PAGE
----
Bajos del Toro sits in the shadow of Poas Volcano, next to the Poas Volcano National Park, Juan Castro Blanco National Park, and the Bosque de Paz Rain/Cloud Forest Biological Reserve. Outdoor activities abound with rugged trail systems to explore the forest’s flora and fauna.
This is beautiful wilderness area and today’s guide, Daniel, another great new friend and excellent guide has done a cross country hike with friends over this trail-less wilderness using machetes to blaze their way through. There are plans to build trails connecting the two national parks and Bajos del Toro.
There were two of us from El Silencio Lodge to go with Daniel on this waterfall hike. I chose not to walk the 400 steep steps down to the bottom of falls, but the Tica young lady guest did walk down while I walked through the hummingbird garden. I do most of the things younger people do, but not all now! 🙂
For you history enthusiasts, the full name of the town and the waterfall is Bajos del Toro Amarillo, translated literally as “Low place (valley) of the Yellow Bull” and the story is that when the first settlers came it they saw a yellow bull that later historians say was actually a bison that did populate parts of Central America in the early 1800’s. It is always fun to get the history behind some of these place names. 🙂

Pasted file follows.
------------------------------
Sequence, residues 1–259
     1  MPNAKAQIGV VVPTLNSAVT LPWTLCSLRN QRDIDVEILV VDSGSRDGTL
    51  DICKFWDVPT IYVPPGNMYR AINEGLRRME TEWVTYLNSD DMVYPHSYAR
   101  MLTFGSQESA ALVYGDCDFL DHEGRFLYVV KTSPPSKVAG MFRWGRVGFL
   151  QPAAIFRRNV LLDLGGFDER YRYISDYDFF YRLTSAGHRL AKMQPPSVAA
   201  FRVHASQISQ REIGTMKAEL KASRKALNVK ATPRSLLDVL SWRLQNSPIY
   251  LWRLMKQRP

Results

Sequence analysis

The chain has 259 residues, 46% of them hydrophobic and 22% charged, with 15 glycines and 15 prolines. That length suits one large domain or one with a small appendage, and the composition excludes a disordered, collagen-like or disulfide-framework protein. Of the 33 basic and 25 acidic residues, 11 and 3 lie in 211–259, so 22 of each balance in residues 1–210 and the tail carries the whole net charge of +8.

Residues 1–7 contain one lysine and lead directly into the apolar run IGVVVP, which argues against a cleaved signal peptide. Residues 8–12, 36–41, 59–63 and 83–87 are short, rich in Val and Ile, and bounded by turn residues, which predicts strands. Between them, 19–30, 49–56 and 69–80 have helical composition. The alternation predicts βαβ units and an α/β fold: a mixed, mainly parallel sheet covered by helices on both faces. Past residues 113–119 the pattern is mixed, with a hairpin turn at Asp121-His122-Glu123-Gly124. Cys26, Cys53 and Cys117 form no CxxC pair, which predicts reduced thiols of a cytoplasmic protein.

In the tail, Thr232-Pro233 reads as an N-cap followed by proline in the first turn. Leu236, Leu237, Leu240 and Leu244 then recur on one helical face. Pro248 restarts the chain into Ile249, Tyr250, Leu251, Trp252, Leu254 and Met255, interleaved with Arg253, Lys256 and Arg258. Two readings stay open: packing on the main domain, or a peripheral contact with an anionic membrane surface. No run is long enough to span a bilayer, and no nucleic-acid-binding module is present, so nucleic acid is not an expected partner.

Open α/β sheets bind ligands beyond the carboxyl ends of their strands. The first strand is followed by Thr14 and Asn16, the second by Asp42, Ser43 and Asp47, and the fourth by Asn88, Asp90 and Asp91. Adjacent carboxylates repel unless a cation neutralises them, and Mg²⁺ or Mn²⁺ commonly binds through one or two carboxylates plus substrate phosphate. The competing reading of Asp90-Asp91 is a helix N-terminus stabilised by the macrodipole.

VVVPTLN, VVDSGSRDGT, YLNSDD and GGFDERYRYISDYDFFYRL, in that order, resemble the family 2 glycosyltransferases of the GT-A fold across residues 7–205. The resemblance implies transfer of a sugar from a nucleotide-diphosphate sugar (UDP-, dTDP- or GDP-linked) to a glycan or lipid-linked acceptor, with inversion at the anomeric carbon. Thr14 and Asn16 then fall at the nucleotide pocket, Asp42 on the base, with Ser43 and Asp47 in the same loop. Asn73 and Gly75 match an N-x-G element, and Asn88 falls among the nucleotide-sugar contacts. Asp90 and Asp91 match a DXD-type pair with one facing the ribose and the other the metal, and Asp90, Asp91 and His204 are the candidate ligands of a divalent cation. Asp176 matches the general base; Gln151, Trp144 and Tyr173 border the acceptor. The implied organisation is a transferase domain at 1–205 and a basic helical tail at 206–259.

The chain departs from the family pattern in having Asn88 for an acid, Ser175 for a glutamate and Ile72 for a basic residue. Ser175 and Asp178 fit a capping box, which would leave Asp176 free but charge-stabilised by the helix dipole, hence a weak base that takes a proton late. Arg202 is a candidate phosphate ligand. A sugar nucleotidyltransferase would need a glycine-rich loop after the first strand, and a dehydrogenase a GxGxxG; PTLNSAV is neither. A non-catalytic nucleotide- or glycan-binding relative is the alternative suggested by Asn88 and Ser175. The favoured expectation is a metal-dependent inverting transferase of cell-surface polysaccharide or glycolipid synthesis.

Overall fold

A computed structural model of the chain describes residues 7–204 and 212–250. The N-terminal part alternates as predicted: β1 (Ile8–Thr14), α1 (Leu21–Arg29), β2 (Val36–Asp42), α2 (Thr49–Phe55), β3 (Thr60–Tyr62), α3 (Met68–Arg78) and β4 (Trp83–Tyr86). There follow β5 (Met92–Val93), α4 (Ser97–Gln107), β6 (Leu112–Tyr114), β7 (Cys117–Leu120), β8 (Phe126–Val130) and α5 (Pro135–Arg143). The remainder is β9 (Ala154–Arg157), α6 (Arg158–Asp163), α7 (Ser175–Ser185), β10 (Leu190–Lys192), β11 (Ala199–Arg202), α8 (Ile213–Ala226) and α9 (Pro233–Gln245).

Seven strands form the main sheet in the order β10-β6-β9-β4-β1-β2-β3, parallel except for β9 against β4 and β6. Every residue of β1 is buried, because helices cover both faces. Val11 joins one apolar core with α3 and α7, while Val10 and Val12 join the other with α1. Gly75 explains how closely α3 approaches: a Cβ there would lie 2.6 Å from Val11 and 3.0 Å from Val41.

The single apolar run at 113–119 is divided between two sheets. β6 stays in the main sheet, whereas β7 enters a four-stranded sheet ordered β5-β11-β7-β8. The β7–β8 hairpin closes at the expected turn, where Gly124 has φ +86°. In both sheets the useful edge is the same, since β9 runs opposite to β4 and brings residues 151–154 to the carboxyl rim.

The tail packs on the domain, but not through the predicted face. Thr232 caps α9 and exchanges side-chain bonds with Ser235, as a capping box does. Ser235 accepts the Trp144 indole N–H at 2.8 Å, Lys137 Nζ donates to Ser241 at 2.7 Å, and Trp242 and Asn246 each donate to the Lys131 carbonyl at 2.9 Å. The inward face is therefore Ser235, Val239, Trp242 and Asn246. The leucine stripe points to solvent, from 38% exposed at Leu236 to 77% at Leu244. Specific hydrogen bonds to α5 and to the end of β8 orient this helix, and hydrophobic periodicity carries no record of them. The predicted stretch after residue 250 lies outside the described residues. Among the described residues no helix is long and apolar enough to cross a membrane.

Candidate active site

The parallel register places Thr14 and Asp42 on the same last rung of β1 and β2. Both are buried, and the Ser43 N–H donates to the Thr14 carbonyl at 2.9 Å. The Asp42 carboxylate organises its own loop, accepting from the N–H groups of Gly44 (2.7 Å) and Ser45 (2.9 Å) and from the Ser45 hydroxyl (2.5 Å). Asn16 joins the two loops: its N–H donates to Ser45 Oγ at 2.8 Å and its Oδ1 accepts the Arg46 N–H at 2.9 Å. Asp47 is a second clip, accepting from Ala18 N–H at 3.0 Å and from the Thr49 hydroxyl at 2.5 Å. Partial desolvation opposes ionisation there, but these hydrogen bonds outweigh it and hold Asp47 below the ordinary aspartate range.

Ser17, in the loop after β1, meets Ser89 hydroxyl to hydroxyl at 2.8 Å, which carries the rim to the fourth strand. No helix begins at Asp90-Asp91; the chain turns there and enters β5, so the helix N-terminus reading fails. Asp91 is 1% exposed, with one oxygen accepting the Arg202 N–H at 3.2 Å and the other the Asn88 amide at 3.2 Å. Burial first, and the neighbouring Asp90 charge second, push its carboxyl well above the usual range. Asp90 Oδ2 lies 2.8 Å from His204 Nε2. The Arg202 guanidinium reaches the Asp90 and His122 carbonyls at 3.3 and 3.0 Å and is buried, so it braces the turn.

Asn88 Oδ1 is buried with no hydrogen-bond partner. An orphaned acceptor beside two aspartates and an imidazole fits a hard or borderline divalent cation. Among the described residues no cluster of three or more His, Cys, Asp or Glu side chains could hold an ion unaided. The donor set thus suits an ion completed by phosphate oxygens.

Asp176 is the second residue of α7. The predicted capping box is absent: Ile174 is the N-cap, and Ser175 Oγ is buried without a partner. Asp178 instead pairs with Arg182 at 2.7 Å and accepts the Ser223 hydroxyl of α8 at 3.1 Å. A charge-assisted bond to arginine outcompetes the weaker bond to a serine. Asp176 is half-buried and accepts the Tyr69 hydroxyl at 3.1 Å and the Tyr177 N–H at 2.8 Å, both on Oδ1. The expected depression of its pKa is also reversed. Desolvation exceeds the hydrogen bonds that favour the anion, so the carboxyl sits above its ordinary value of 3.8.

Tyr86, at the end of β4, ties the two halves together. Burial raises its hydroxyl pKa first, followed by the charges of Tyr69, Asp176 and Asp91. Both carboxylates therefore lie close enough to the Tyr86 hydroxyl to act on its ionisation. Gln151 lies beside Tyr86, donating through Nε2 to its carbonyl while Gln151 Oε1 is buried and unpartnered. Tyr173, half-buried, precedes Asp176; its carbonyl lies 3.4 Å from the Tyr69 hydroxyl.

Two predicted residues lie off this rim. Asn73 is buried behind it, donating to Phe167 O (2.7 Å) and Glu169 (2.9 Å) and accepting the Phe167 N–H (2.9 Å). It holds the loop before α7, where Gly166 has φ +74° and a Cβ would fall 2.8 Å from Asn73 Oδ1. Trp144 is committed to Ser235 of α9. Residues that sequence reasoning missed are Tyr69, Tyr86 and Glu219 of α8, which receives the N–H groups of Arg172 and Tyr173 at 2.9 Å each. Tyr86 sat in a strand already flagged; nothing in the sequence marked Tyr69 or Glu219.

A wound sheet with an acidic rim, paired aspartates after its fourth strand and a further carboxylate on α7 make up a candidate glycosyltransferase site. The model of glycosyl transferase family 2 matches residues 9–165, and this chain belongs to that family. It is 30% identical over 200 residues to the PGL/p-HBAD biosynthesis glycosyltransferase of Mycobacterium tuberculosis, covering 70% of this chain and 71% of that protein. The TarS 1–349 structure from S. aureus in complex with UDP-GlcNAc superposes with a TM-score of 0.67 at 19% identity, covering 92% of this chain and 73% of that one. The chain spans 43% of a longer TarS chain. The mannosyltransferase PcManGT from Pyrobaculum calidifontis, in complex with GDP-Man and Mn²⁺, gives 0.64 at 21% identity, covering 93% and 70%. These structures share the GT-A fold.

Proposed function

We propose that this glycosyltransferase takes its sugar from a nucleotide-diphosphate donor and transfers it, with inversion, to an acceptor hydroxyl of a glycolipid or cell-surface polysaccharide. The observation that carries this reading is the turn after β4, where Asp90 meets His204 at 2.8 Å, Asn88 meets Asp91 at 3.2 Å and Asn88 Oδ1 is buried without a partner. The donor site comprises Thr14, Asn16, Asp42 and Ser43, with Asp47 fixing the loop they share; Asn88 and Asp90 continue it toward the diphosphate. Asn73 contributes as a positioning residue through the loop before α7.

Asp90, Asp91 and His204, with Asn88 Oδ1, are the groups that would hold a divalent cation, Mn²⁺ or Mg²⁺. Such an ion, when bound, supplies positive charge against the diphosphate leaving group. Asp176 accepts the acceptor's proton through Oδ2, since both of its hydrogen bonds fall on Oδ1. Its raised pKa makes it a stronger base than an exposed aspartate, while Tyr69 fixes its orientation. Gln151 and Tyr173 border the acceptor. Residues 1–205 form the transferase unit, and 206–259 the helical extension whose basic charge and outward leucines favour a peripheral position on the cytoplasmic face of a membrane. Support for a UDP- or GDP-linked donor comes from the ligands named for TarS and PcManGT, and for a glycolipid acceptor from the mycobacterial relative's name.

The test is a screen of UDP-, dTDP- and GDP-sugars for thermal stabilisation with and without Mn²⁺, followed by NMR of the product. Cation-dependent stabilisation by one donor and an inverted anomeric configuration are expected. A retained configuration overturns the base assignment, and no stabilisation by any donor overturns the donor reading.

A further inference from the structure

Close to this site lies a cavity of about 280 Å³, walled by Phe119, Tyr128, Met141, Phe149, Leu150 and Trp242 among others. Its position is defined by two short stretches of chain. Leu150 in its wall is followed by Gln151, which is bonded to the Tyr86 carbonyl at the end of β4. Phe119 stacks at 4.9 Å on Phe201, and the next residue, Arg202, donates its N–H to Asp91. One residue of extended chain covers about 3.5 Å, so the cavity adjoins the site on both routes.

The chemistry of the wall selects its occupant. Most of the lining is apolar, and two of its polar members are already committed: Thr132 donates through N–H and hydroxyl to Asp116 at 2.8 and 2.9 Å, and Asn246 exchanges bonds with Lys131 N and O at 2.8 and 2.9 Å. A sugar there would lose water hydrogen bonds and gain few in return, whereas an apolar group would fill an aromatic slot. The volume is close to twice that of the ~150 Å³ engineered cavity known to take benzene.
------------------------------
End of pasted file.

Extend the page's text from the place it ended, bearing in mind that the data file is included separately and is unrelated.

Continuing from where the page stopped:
I did my guided bird hike before breakfast this morning also with Daniel but have barely started sorting bird pictures. But with this morning hike + my solo hike in the Hummingbird Garden here + a noon-time experience I will be recording 3 lifer birds or 3 that are new to me. Not bad! 🙂
Okay, for you Spanish readers, yes, that says “The Twins” Waterfall and thus you may ask, “Where is the second one?” Well . . . sometimes my better judgement overrules my sense of adventure. We had already hiked about 4 km and waded across the ice cold, rock-strewn river with Bryan, my personal guide, helping me wade across the slippery rocks just to get this photo of the biggest of the twins. To see the other one we would have had to wade up a separate stream of slippery rocks to the left of the bottom of this falls maybe 50 meters. Bryan had already said “I can’t believe I’m helping an 80 year old do this hike!” He was doubting the wisdom of going further and after nearly slipping down more than once. I did too! But I was thankful that I could make the hike solo with my excellent young masked guide who was perfect for me in every way! Most of the holiday weekend crowd have gone. We have a max of 9 guests the rest of the week, so very tranquilo! Which I prefer! 🙂 And yes, I love this place! Already another favorite and I have so many favorites in Costa Rica. Here’s just a few shots of the Las Gemelas Falls Hike and notice that weird V-shaped bridge over one of the streams, like none I’ve seen before: